The Obama administration bends over backwards to ensure that that it doesn’t use any language that might offend American Muslims, even if accurate. Yet it has turned a blind eye to the real persecution of religious minorities implemented by the Organization of Islamic Cooperation countries, such as the abuse of Mr. Abedini, despite his being an American citizen.

Thursday, Jan. 24, 2013, is John Kerry’s confirmation hearing for the position of secretary of state. If Mr. Abedini is lucky enough not to be executed in the interim, Thursday’s hearing would provide the perfect opportunity for senators to place pressure on Mr. Kerry to demand Mr. Abedini’s unconditional release.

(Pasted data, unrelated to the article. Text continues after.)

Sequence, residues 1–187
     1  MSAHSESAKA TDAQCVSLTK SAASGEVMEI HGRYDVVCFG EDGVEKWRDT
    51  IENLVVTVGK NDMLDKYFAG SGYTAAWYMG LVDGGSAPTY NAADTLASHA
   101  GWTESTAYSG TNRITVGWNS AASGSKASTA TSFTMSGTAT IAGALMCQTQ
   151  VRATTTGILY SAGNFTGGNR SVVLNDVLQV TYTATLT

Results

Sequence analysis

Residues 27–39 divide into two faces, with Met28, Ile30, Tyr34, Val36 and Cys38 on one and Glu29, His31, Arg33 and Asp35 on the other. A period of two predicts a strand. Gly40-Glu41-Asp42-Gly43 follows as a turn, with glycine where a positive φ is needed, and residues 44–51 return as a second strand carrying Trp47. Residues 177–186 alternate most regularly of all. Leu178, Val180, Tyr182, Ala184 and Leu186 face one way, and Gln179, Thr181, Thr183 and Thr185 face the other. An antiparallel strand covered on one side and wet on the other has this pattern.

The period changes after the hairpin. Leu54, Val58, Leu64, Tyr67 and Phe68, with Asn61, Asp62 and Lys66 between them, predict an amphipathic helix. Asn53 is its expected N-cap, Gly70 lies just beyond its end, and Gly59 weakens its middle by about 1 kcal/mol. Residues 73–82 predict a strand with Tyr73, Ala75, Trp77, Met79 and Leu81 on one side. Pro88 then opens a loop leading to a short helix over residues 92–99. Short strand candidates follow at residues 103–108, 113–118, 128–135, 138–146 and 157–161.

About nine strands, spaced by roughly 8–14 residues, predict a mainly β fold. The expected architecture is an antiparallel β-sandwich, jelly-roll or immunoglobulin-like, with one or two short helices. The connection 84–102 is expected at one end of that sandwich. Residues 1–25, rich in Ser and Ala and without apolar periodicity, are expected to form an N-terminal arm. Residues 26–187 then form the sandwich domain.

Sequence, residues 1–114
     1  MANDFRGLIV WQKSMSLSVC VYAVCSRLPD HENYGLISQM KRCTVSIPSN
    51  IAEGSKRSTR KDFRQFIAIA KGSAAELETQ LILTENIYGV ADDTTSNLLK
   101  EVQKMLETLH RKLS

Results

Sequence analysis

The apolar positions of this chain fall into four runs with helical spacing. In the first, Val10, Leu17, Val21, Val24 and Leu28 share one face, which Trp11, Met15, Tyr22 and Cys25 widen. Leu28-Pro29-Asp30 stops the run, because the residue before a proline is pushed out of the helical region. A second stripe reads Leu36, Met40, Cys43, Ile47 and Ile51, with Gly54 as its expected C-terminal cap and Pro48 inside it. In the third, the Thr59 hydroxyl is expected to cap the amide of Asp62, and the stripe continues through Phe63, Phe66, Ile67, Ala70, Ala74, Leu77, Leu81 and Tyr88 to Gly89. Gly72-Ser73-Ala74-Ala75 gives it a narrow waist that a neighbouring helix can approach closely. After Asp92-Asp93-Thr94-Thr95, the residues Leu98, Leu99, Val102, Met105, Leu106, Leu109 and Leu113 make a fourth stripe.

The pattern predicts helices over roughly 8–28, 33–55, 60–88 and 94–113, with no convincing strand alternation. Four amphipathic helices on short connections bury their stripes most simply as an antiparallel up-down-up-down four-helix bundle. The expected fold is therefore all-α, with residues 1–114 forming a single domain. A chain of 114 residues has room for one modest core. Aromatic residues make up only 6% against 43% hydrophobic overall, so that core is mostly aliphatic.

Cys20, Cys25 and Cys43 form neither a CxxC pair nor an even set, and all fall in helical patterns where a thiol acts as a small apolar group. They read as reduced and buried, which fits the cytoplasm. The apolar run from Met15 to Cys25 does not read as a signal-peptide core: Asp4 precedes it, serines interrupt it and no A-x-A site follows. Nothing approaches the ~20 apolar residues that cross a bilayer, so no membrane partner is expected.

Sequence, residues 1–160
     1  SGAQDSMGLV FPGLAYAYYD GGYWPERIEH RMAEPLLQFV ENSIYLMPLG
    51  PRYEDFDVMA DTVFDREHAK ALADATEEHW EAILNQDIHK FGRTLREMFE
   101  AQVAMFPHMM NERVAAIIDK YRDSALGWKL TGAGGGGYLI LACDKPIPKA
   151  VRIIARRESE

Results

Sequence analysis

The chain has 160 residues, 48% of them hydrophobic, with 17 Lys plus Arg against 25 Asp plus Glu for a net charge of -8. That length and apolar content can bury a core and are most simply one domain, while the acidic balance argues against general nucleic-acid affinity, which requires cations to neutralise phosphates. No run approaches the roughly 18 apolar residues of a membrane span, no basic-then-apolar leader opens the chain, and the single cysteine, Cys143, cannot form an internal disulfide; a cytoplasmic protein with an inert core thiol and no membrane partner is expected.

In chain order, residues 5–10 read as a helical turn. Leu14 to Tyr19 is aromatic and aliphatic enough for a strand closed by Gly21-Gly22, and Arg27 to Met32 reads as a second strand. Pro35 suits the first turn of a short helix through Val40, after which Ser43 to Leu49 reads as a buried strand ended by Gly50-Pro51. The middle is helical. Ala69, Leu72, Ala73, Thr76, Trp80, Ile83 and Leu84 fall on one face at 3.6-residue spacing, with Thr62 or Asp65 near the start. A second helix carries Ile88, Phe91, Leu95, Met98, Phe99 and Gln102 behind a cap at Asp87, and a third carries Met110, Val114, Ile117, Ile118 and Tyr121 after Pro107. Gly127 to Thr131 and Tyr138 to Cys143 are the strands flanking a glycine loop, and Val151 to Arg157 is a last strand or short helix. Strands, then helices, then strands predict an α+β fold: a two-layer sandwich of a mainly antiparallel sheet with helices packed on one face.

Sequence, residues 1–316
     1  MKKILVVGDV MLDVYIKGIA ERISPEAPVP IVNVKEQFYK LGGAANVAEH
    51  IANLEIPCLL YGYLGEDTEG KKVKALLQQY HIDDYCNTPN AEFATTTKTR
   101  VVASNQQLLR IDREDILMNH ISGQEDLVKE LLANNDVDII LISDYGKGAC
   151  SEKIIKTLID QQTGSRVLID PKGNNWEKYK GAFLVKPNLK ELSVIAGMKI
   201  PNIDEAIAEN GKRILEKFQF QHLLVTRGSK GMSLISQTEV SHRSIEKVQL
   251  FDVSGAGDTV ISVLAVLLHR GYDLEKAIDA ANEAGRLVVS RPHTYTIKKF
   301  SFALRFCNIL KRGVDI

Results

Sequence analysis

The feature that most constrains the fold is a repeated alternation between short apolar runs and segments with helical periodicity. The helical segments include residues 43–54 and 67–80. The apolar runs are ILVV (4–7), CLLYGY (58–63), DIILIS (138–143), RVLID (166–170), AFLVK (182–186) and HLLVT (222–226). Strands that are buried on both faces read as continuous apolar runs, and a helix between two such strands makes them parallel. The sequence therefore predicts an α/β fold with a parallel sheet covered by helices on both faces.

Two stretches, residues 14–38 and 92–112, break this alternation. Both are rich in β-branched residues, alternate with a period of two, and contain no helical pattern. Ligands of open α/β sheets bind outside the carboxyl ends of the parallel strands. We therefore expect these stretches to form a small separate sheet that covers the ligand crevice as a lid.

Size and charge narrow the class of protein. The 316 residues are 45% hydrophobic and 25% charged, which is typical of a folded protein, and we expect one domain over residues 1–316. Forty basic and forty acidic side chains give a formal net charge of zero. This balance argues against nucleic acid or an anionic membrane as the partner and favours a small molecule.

Deborah Weiss is a lawyer and a freelance writer. She is a co-author of “Saudi Arabia and the Global Islamist Terrorist Network” (Palgrave Macmillan, 2011). A partial listing of her work can be found at

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Islamist Org Working to Prohibit Criticism of Islam

Posted by Deboarh Weiss: An article written by Ryan Mauro of

Expert: Islamist Org Working to Prohibit Criticism of Islam
January 15, 2013

Deborah Weiss, Esq. is an expert on the defamation of religions U.N. resolutions set forth by the Organization of Islamic Cooperation. She writes for several online news sites and is co-author of the book, Saudi Arabia and the Global Islamic Terrorist Network: America and the West's Fatal Embrace."

The following is National Security Analyst Ryan Mauro’s interview with Deborah Weiss.

Ryan Mauro: What is the Organization of Islamic Cooperation (OIC), and what is its end goal?